Then came the day when he first heard some one saying discreetly behind him:
“That’s the lifeboat chap!”
Or more briefly:
Implying that in all Llandudno “him” could mean only one person.
And for a time he went about the streets self-consciously. However, that self-consciousness soon passed off, and he wore his fame as easily as he wore his collar.
The lifeboat trips to the Hjalmar became a feature of daily life in Llandudno. The pronunciation of the ship’s name went through a troublous period. Some said the “j” ought to be pronounced to the exclusion of the “h,” and others maintained the contrary. In the end the first two letters were both abandoned utterly, also the last—but nobody had ever paid any attention to the last. The facetious had a trick of calling the wreck Inkerman. This definite settlement of the pronunciation of the name was a sign that the pleasure-seekers of Llandudno had definitely fallen in love with the lifeboat-trip habit. Denry’s timid fear that the phenomenon which put money into his pocket could not continue, was quite falsified. It continued violently. And Denry wished that the Hjalmar had been wrecked a month earlier. He calculated that the tardiness of the Hjalmar in wrecking itself had involved him in a loss of some four hundred pounds. If only the catastrophe had happened early in July, instead of early in August, and he had been there. Why, if forty Hjalmars had been wrecked, and their forty crews saved by forty different lifeboats, and Denry had bought all the lifeboats, he could have filled them all!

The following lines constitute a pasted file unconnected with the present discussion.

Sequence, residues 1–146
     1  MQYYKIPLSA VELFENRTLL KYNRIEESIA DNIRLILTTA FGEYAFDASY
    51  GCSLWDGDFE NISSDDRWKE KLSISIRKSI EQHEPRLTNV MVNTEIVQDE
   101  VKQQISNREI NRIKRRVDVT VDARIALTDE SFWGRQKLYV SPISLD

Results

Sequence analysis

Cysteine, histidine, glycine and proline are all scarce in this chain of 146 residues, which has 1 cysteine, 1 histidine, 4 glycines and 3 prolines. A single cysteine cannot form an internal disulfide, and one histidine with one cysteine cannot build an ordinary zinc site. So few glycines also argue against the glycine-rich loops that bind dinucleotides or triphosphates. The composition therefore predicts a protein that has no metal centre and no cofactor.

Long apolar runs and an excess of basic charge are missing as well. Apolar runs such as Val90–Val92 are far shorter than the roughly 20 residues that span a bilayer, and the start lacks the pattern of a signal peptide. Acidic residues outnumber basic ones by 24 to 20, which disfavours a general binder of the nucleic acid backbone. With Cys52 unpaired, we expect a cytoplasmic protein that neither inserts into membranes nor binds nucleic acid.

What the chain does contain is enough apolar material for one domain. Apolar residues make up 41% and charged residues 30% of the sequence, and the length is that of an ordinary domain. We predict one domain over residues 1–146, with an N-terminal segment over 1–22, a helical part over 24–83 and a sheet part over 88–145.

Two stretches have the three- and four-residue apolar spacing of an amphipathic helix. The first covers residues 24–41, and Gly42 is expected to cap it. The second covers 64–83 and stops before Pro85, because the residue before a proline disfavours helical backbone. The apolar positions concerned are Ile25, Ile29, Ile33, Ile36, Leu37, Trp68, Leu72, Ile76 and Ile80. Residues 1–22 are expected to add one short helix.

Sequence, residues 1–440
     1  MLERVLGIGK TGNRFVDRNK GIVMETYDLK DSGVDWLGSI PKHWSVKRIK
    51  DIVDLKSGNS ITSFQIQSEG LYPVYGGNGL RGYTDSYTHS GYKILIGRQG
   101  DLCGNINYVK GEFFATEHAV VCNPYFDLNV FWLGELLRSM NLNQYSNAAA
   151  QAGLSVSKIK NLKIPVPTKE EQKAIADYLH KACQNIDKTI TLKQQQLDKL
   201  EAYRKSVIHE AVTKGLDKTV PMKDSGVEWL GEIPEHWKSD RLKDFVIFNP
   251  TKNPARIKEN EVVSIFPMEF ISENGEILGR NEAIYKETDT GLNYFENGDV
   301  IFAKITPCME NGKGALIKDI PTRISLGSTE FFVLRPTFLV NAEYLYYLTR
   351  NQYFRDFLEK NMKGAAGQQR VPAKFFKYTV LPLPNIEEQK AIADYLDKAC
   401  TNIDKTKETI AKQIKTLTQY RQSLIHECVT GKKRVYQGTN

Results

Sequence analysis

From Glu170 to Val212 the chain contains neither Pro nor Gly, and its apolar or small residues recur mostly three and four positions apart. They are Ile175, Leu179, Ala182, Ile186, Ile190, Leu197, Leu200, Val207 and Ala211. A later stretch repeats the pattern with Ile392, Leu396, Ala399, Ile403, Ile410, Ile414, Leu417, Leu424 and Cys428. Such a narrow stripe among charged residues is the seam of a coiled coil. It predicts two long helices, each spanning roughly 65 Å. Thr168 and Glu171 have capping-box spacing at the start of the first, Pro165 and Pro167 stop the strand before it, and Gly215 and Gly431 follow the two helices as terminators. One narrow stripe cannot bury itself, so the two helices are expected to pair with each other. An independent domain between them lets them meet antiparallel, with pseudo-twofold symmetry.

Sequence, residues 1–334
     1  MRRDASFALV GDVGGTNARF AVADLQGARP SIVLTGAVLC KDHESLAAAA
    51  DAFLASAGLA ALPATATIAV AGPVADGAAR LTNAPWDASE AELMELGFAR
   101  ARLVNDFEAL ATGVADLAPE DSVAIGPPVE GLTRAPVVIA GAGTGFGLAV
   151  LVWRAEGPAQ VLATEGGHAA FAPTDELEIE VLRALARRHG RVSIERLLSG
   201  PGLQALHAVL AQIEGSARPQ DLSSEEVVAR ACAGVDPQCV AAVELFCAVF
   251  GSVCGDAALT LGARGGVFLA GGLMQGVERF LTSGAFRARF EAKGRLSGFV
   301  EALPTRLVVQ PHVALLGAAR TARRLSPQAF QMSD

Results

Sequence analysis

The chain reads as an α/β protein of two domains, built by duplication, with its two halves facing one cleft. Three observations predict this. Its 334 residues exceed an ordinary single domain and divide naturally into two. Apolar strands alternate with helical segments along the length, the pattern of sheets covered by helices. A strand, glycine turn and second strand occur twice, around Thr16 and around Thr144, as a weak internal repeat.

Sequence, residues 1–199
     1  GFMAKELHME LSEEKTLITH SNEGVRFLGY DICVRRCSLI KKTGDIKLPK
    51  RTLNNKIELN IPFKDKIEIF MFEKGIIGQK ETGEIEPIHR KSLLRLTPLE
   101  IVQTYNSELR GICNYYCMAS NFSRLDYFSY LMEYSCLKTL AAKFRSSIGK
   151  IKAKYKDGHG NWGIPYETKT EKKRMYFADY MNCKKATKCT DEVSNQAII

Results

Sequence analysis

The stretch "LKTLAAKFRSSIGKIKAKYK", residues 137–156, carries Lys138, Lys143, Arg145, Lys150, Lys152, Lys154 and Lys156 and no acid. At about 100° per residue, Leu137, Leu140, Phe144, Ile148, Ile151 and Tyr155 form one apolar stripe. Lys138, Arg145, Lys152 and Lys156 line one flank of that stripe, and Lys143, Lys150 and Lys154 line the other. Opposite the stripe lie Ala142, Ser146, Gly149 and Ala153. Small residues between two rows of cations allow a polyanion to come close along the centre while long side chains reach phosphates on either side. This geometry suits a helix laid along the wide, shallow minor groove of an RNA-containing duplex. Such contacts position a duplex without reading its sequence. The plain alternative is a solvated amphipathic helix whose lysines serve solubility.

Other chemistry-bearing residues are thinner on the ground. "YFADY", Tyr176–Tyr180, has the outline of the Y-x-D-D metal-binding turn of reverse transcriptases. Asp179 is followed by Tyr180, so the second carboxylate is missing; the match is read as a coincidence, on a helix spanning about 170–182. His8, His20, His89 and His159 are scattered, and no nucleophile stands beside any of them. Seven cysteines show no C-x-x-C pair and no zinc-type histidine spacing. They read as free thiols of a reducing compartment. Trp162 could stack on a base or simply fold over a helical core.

Still, the regularity of his receipts was extremely satisfactory and comforting. The thing had somehow the air of being a miracle; at any rate of being connected with magic. It seemed to him that nothing could have stopped the visitors to Llandudno from fighting for places in his lifeboat and paying handsomely for the privilege. They had begun the practice, and they looked as if they meant to go on with the practice eternally. He thought that the monotony of it would strike them unfavourably. But no! He thought that they would revolt against doing what every one had done. But no! Hundreds of persons arrived fresh from the railway station every day, and they all appeared to be drawn to that lifeboat as to a magnet. They all seemed to know instantly and instinctively that to be correct in Llandudno they must make at least one trip in Denry’s lifeboat.